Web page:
El Secreto de la Sombra
This spanish language documentary has an online trailer with english subtitles here.
The trailer is about the 'hidden signatures' that Goya placed in his paintings. Also mentioned is the high quantity of would-be Goya paintings that are seeking authentication, and the challenges of separating fakes from genuine works. The film provides a fascinating inside-view of the world of Goya collecting and details how Goya signed his paintings.
December 15, 2012
"Raging Lunatic" - Loco Furioso
It is suspected that the drawing is based upon Goya's visit to the asylum in Bordeaux, France.
See this black chalk drawing at an enlarged size.
August 21, 2012
of Don Manuel Osorio de Manrique Zuniga
1784-88 Oil on canvas
50 inches by 39 3/4inches
127 cm x 101.6 cm
Metropolitan Museum of Art New York
This child was the son of the Count and Countess of Altimara, the boy being roughly the same age as Goya's son Xavier. The painting was commissioned by the Bank of Spain.
Koller Zurich auction in September for 'unknown' Goya
Painting was unrecognized in art collection for over 80 years.
To be auctioned between September 17 - 22.
From the Koller web site:
"The most spectacular lot is a painting by the Spanish artist Francisco de Goya. The painting was in a private collection in Bilbao until the 1920s, and was then sold to a collector: the painting remained, unrecognised, with the collector’s family until today. Now, with the review of the estate, it has been rediscovered as a work by Goya which had been missing for over 80 years. The auction of this painting - estimated CHF 600 000 / 800 000 - is nothing less than sensational, with fewer than 10 works worldwide by the hand of the famous Spaniard coming to auction in the last 20 years. An early work of this importance by Goya has never come to auction in that period."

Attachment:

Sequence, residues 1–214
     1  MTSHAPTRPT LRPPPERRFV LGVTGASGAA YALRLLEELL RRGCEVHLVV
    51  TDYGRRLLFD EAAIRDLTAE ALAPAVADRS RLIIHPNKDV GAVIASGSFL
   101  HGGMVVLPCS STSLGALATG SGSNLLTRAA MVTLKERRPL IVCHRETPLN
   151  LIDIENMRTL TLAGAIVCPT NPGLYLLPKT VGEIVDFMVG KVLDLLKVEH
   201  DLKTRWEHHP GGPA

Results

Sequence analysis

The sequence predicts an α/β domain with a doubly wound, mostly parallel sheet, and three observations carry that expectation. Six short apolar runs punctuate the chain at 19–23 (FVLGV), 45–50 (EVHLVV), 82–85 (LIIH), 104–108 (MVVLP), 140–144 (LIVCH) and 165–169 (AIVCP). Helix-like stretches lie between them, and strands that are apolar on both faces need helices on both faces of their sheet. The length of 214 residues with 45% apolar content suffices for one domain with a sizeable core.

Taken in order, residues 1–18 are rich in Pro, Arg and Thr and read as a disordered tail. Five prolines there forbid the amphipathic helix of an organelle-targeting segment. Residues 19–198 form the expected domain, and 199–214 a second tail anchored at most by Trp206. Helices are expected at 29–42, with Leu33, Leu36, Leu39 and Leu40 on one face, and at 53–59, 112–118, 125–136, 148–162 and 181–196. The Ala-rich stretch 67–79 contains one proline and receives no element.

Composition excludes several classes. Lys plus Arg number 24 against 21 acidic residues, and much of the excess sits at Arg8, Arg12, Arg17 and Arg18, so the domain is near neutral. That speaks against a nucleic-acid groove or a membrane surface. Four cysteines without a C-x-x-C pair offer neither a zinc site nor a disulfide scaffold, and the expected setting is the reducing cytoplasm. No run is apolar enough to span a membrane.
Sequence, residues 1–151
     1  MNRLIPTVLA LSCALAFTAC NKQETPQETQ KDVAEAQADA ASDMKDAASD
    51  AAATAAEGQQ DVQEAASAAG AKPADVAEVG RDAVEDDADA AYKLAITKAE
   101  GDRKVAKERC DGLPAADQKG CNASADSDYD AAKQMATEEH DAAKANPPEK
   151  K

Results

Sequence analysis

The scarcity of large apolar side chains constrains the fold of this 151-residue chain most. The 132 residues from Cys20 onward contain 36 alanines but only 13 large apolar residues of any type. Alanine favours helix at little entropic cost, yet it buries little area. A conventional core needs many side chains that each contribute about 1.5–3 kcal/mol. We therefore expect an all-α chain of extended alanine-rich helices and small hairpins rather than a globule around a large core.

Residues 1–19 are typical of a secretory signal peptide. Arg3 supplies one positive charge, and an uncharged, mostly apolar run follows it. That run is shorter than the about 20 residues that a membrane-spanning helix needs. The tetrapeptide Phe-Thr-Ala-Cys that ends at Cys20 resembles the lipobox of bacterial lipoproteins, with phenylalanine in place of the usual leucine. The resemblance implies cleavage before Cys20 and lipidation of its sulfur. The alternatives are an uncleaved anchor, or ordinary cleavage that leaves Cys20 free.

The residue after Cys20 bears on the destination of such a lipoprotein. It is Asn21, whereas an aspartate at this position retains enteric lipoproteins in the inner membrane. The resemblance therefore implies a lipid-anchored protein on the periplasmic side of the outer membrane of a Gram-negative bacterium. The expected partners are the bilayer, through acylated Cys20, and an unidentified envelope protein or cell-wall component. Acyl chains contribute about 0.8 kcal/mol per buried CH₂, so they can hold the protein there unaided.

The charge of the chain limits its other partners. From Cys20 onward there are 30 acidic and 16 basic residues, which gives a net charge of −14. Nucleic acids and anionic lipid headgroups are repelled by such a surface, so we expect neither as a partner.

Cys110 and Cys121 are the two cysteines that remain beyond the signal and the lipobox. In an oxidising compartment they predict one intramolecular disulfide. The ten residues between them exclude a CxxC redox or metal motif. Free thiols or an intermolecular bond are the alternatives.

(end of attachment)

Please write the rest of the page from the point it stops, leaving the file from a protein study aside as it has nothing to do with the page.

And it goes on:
Does it look like a Goya? It does indeed. Color handling looks like any number of Goya images, and the body forms and anatomy handling all looks like Goya, and matches his style for his tapestry works, too. Experts are placing the painting (Lot and his Daughters) to the 1770s. (For an example, compare to The Parasol.)
The discovery of Lot and His Daughters by Goya joins a short list of other 'discovered' unknown Goya works of recent news, such as Goya's Portrait of Don Ramon Satue which was found via X-ray's last year.
Much more info available at the Koller Zurich Web Site.
August 16, 2012
Prague Kampa Museum hosts exhibit of Goya etchings
80 selected prints from Caprichos, The Proverbs, The Disasters of War and La Tauromaquia are on display.
Exhibit opened August 1 and will continue through September 30, 2012.
Kampa Museum Web Site (English language section)
August 6, 2012
Prado Museum profile
An interesting overview of the Prado Museum, with an emphasis on Goya, from the online edition of the the newspaper The Australian.
"In another painting in the same series, young women in tight bodices and full skirts toss a life-sized male figure in a blanket. His head lolls and his limbs hang limp. Is he human?
"It is a rag doll," says Bernardo. "The women are taking their revenge on men."
Goya an early feminist? My appreciation of him increases at every turn. One of Goya's paintings shows the festival of San Isidro, the patron saint of Madrid. Every year on May 15, Madrilenos sing, dance, eat and drink on the banks of the River Manzanares.